This document presents selected projects from a 10 week architectural design studio completed as part of the MA Architectural Design programme at the University of Edinburgh, 2008-09.  Each projects begins with an analysis of a single clause of the Scottish Building Standards.  Students provide a brief verbal and diagrammatic description of the regulation, coming to understand the hazard it represents, and seeks to limit; trips and slips on stairs and ramps, falls from height while cleaning windows, or lack of access to daylight.  The projects continue by identifying an architectural potential in the limitation of these risks; that a regulated stair acts as an index of the familiarity of its users, that a window choreographs and represents the everyday act of its cleaning, that a window negotiates and represents a relation between programme and context.  Each project concludes through the design of a mixed-use building in the centre of Edinburgh that enjoys playing-out the implications of the regulation in a range of circumstances.  The document was published as part of an HSE and RIBA led project as an exemplary mode of teaching of Health and Safety issues within a design-school context.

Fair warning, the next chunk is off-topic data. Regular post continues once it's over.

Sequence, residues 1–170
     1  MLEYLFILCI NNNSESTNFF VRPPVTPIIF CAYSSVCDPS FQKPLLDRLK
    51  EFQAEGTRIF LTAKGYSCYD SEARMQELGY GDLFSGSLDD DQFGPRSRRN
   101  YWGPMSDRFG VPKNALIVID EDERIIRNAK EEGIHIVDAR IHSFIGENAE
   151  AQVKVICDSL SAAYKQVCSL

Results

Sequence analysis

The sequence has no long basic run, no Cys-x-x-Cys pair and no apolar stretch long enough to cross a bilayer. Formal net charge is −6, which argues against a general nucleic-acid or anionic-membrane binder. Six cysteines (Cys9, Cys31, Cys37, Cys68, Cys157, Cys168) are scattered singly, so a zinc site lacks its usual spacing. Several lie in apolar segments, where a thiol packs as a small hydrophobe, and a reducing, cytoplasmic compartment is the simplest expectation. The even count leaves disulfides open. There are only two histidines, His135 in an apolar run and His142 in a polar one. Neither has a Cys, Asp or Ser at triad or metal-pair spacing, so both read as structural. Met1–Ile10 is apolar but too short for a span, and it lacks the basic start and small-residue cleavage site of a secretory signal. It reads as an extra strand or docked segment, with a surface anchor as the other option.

HSE RR925 Research Report

RIBA Research Fund

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September 14, 2012 at 10:46 am